I would say that maybe what they say works for some people, but it certainly doesn't work for me and I've seen posts on the two forums I visit where many report not only improved glucose numbers, but better lipid profiles (cholesterol).

If one has a history of heart problems, high blood pressure, and so on, one has to be careful. I have no family history of heart problems and none myself, though, so I'm willing to give it a minimum of six months, have my lipids tested, and go from there.

I found that the standard dietary information from my one visit with a nutritionist did not work for me. The nutritionist wanted me to eat around 45 carbs at dinner. I do that occasionally. My BG goes up to 160-180 (8.9-10).

But I did learn from that one visit how to estimate 15 grams of carbs. Knowing that, I can reduce portion size or omit that food if I'm at a buffet or restaurant and it's not practical to be looking up food. I also learned how to treat a low (not that I ever go under 60, but it's still uncomfortable).

Some people say that those courses are good for those who eat an excessive amount of carbs to begin with; at least it's a start.

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Old 12-14-2012, 14:10   #6
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When I meet doctors or dietitions or just regular people that tells me LCHF is unhealthy because I dont get the proper nutrition, I just ask them to tell what they believe I eat.
They mostly think I`m living on eggs and bacon and thats it.
When they hear what I eat they starts to see how stupid their ideas of LCHF was.
And if they dont believe me I just ask them to test my vitamins and minerals because I know they are all covered for.

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Old 12-14-2012, 14:27   #7
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By the way, even vegetables have carbs. So, if I were to use the plate method, I'd fill up the "starch" area with vegetables and I wouldn't worry about it. As optimist said, people don't always know what's involved in a LCHF diet. They assume only meat, cheese, and eggs. Many of us on LCHF do eat some vegetables.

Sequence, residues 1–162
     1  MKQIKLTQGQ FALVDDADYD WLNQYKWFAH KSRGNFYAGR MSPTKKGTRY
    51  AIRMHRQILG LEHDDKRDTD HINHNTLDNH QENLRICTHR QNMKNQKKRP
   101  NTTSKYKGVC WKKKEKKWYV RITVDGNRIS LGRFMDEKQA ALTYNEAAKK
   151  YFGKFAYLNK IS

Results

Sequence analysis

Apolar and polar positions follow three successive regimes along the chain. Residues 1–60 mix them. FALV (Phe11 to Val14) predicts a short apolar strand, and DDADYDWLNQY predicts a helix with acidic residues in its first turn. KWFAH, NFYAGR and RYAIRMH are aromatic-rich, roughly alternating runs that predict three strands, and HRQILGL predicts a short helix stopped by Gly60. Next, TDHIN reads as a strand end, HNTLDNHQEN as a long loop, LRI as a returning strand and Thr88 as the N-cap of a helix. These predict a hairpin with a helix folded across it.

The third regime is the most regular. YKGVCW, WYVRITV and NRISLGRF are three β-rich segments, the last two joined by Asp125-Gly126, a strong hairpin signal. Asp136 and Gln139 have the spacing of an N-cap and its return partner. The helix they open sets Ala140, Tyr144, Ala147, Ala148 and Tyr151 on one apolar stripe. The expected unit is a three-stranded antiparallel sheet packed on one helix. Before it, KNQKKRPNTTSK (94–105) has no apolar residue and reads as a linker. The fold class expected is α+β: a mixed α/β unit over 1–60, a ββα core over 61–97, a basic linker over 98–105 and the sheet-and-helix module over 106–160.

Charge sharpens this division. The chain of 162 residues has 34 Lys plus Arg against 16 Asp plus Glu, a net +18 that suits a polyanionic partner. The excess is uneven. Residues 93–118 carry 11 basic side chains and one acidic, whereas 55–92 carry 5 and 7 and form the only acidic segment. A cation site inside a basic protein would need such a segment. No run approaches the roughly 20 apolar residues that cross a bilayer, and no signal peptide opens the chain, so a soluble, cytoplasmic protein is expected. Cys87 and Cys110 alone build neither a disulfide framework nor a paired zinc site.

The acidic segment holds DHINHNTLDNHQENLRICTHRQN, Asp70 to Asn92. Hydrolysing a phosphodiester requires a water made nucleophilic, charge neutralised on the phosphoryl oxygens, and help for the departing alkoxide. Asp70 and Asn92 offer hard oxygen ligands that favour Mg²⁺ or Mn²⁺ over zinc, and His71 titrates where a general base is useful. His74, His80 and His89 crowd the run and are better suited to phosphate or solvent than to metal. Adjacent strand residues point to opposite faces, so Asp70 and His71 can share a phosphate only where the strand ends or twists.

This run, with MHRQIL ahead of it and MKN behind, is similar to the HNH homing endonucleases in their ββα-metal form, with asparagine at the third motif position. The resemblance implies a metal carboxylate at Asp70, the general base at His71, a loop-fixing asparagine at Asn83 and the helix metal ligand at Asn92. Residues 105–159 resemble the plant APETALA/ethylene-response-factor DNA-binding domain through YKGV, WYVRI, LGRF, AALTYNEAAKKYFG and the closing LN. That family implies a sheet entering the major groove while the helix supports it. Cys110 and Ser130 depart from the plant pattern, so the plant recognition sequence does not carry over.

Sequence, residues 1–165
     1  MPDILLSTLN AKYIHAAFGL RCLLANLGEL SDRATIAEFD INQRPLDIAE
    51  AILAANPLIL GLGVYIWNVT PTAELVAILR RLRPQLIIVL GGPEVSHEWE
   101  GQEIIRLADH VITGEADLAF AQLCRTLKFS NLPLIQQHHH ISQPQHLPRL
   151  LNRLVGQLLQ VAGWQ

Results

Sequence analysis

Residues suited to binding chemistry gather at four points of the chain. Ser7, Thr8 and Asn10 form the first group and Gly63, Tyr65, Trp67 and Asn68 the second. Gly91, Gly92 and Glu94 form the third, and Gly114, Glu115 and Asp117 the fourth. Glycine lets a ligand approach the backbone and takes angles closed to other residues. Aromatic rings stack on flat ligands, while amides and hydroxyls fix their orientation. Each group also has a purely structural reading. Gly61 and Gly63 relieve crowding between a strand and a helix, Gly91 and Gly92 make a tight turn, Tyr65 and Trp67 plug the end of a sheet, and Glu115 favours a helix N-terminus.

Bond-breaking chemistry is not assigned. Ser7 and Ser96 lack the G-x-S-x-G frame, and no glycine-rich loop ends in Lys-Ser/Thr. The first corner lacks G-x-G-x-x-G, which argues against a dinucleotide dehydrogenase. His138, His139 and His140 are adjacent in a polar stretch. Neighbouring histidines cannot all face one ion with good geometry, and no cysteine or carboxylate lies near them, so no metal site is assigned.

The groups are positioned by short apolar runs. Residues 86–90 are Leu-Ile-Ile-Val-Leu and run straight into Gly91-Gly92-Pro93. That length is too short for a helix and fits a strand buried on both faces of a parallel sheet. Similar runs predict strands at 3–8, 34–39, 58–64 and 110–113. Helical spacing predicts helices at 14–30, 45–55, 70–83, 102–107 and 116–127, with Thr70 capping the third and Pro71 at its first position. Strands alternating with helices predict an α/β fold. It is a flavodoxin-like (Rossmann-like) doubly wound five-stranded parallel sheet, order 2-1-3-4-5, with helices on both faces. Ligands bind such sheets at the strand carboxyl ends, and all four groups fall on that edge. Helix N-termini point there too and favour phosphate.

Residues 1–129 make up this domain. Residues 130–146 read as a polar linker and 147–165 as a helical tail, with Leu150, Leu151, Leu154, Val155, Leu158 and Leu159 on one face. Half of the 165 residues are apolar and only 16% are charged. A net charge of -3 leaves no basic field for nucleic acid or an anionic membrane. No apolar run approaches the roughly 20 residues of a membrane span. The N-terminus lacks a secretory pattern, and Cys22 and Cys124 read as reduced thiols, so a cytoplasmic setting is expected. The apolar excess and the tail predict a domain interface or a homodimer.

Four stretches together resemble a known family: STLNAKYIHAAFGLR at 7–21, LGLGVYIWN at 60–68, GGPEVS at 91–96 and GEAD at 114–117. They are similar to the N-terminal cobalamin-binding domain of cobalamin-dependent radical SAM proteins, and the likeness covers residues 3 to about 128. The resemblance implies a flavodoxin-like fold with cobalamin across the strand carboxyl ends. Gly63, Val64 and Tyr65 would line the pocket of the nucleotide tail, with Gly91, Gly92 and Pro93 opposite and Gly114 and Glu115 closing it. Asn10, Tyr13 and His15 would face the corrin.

The vegetables I eat are lettuce, asparagus, broccoli, cauliflower, and small amounts of tomato, green beens, and brussels sprouts. I think the only thing that a dietician would really cringe at is the fact that I do not eat any grains. They really raise my BG.

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Old 12-14-2012, 14:53   #8
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I don't tell people I eat LCHF I say I don't eat Grains, Starches or Fruits. Sometimes I say its an alergy, sometimes I say its a diet some times I say its a medical condition, some times I say diabetes. Just depends on who I am talking to and what they will most likley accept. The only one people really question is the not eating fruit, when they ask but fruit is healthy, I simply say its too sweet for me, I get my vitamin C from broccoli, iron from spinach etc etc they suddenly think I eat very very healthy and don't question it, the questions then become how do you stick to it, don't you miss this or that etc. I simply say I feel better eating this way. That once you get used to it, you don't miss the bad foods anymore.

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Old 12-14-2012, 15:14   #9
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Hi, and welcome! The best site I've found to understand it is Blood Sugar 101 The woman whose site it is a type 2 diabetic and does good research and stays up to date.




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Old 12-14-2012, 15:19   #10
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My philosophy is: Yes, LCHF diet may possibly be missing something. Possibly. Well, you can always make up for the "missing part" by some vitamins and/or supplements. You don't have to necessarily have the high-carby food for that

Unless of course the fruits or other high-carby foods have something magical/unknown (such as certainly enzymes that help us in unknown ways) that we are unaware of how to make up for -- unlikely, I think. In either case, I'm personally willing to take the chance, and be happy with immediate observable benefits (such as perfect weight, BG levels, Hb1Ac, and Lipid panel, to begin with).